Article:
Aberdeen South MP Callum McCaig has accused the UK Government of a “lacklustre” approach to the energy sector.
He said the “delay” in bringing the Energy Bill, which formally establishes the Aberdeen-based Oil and Gas Authority, to the Commons was “symptomatic” of the Conservatives’ attitude.
Mr McCaig, who is the SNP’s spokesman on energy and climate change, has written to Energy Secretary Amber Rudd to raise his concerns.
In his letter, he has asked the Tory frontbencher to confirm when MPs will have the chance to debate the legislation.
He says: “As you will be acutely aware, a date for the second reading of the bill has yet to be announced.
“Given the profound importance of this bill in regards to the Oil and Gas Authority (OGA) it had been my hope that your government would have prioritised its passage.
“With this in mind, I would be grateful if you could now provide me with a definitive date for when this reading will take place.”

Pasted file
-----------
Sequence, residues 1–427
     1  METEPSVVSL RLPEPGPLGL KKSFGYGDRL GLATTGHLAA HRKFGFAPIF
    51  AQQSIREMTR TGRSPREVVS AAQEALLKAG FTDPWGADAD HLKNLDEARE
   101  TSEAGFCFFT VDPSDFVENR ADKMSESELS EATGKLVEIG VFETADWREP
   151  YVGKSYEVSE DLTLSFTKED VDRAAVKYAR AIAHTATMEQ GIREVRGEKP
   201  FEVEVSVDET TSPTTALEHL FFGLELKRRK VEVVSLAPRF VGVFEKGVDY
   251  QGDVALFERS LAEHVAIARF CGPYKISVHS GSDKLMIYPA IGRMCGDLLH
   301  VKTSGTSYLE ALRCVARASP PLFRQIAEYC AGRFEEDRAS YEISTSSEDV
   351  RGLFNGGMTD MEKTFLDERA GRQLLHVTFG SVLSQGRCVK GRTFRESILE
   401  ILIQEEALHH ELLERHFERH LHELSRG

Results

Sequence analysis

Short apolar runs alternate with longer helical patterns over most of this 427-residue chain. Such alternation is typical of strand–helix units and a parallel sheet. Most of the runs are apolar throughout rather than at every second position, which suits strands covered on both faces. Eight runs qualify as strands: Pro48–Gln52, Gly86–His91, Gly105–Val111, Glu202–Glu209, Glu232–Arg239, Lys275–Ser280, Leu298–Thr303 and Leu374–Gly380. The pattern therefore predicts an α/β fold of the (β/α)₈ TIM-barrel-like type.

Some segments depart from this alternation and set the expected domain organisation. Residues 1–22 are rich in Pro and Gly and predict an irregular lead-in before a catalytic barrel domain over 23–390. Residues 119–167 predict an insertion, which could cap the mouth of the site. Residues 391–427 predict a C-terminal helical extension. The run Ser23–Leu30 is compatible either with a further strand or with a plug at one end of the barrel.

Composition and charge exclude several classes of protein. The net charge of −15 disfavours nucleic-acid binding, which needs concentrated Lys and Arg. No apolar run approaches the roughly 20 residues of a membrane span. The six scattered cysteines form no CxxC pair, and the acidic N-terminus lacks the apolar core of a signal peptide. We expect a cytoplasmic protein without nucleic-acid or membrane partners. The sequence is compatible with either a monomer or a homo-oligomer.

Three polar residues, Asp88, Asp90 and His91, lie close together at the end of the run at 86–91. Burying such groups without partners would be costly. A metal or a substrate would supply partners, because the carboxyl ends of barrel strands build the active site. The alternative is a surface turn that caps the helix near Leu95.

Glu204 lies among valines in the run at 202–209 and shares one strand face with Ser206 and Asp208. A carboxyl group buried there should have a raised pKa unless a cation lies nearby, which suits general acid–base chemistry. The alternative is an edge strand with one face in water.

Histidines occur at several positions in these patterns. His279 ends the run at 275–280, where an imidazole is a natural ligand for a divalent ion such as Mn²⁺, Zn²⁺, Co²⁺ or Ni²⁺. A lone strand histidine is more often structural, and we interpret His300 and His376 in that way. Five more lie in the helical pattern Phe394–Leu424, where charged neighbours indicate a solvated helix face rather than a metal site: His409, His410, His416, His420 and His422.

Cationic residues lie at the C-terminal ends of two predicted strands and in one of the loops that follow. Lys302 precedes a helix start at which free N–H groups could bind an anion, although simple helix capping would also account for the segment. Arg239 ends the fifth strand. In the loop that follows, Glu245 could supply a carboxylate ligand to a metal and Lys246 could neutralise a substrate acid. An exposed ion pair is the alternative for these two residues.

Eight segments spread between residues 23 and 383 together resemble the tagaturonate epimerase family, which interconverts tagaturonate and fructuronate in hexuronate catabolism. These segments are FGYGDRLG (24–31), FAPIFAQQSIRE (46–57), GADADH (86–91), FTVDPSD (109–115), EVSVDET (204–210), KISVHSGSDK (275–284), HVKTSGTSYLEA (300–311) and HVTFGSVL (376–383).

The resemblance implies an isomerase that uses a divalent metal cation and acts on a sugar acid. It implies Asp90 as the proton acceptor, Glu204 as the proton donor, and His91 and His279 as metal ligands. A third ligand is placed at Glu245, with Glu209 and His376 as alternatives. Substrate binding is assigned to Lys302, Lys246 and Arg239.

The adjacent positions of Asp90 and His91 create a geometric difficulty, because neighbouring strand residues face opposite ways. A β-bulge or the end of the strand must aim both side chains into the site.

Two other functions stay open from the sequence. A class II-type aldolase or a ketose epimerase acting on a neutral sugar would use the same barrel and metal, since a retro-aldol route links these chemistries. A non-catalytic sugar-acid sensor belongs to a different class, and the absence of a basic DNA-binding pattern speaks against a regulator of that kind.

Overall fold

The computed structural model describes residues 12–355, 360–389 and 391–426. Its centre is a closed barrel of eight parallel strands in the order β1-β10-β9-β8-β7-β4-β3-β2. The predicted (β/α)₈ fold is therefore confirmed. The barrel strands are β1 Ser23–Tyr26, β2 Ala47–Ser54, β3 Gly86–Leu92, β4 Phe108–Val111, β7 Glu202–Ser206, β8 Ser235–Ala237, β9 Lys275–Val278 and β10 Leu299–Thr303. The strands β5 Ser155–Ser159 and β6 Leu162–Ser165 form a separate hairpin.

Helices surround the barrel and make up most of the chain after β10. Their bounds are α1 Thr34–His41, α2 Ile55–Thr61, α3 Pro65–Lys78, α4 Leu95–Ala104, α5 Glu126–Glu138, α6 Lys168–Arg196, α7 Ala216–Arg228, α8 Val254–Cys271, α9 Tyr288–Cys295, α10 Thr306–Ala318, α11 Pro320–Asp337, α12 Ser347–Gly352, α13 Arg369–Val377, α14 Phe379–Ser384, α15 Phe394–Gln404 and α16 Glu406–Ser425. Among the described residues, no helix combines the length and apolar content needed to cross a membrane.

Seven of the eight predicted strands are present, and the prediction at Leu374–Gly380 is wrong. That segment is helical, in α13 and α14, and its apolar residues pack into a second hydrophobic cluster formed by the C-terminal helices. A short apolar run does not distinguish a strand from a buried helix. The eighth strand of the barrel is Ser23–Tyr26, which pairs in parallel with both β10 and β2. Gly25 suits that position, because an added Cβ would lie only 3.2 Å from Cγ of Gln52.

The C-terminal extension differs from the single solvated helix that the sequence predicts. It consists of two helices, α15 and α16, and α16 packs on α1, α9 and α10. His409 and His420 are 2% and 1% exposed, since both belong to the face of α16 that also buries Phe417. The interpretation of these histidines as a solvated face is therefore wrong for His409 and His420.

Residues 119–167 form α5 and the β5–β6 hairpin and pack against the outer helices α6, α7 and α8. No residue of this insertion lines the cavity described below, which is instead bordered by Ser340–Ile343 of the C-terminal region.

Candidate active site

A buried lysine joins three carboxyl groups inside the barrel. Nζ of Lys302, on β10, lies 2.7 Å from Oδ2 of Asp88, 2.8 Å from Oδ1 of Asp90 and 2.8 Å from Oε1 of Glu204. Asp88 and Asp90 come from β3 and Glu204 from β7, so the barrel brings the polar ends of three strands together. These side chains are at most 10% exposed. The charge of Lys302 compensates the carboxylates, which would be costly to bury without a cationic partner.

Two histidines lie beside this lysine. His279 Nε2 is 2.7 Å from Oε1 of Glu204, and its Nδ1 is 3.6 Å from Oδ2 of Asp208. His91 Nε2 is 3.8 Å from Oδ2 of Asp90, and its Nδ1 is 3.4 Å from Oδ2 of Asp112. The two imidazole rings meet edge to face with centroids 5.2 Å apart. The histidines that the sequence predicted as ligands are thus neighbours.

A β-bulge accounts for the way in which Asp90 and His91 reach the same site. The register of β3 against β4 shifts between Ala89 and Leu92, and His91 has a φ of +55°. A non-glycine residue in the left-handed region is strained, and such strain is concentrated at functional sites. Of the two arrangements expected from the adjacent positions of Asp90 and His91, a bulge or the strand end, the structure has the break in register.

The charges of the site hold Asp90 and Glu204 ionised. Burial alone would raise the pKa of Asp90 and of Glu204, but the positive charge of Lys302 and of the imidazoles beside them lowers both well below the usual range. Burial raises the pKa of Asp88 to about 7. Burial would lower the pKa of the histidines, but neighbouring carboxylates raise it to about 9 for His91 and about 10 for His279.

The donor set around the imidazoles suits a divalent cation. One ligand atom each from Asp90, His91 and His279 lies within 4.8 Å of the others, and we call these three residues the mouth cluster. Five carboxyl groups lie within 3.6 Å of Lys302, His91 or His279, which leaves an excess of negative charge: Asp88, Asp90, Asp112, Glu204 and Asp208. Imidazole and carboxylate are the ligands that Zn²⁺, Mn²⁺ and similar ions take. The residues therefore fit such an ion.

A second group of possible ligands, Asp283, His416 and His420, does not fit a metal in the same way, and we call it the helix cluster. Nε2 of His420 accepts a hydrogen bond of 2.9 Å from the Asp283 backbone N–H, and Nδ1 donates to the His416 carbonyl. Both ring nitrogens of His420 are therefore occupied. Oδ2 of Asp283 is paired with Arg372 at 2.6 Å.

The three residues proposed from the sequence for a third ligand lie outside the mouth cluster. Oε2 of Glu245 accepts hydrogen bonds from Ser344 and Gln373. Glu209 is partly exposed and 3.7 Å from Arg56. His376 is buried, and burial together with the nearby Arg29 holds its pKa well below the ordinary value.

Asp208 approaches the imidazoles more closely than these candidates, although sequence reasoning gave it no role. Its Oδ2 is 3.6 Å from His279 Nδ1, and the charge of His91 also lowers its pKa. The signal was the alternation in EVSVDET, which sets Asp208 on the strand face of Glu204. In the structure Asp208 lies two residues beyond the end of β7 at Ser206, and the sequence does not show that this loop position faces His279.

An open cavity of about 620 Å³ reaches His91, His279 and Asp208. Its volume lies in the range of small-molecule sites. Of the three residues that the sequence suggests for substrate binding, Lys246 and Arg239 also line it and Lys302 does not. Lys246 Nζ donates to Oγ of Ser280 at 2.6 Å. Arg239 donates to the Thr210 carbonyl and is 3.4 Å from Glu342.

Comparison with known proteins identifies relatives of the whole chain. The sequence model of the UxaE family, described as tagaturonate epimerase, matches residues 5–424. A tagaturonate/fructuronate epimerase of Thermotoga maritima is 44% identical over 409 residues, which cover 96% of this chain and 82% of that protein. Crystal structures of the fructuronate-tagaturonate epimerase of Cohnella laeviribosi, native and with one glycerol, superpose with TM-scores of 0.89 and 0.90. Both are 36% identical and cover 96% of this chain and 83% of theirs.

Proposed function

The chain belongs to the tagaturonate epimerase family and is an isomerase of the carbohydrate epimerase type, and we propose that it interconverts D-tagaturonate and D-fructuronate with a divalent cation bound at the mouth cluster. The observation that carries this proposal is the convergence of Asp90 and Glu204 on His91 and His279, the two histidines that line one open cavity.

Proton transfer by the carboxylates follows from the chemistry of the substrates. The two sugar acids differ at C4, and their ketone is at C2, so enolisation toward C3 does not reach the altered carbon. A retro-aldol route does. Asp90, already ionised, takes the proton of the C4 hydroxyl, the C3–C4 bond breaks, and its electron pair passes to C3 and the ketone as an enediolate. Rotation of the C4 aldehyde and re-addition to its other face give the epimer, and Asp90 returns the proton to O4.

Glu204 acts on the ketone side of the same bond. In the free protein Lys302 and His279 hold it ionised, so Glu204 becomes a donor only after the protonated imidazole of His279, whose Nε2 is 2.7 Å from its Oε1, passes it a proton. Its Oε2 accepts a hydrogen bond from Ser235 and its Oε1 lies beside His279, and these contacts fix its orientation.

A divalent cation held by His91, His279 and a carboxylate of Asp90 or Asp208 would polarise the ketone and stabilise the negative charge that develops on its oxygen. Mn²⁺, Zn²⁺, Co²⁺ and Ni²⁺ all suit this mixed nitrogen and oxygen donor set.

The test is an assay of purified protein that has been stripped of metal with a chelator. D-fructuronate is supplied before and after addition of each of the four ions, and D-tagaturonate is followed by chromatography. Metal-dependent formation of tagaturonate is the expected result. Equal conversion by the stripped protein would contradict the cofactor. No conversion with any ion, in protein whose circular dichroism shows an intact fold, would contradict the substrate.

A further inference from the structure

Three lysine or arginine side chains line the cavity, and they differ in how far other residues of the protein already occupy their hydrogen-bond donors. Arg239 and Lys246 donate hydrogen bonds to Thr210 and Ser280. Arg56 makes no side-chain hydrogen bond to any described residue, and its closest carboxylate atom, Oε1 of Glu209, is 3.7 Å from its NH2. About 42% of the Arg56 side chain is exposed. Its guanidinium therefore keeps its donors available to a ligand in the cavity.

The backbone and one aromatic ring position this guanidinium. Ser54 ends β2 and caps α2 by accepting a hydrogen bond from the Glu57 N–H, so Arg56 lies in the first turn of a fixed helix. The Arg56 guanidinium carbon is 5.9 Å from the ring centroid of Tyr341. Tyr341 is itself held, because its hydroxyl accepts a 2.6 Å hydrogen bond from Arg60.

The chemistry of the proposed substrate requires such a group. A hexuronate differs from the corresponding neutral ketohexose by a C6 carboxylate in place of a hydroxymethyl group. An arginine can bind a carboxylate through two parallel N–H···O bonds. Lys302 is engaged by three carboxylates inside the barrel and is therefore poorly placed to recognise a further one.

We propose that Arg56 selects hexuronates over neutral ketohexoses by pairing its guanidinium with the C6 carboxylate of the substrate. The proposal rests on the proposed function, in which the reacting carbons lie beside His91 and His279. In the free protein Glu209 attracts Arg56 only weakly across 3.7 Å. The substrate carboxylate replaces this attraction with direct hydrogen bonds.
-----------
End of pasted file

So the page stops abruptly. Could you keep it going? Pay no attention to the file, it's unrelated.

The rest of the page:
The legislation, which started in the Lords, suffered a defeat there during its passage in October when a Labour amendment deleting the policy to close the Renewables Obligation subsidy to onshore windfarms from April – a year early – was carried.
A Department for energy and Climate Change (Decc) spokesman said in the aftermath that the government would reintroduce its manifesto commitment when the Bill went before the lower house.
Mr McCaig said: “The delay in the progress of the Energy Bill is symptomatic of the UK Government’s lacklustre attitude to this key sector.
“The Oil and Gas Authority is up and running but for it to be truly effective it must have the full powers which are due to come from the Energy Bill.
“I’ve called on the secretary of state to provide a definitive timetable for when the Bill will proceed and it is my hope that this will force her to act quickly in the new year.”
The Bill hands the OGA a raft of enforceable powers to maximise the sector’s economic recovery.
A Decc spokesman said: “We want to maximise the economic recovery of oil and gas from UK waters – and the OGA needs the necessary powers as regulator to do this.
“Those powers are set out in the Energy Bill and, subject to the will of parliament, we expect the OGA to be a fully established independent regulator by summer 2016.”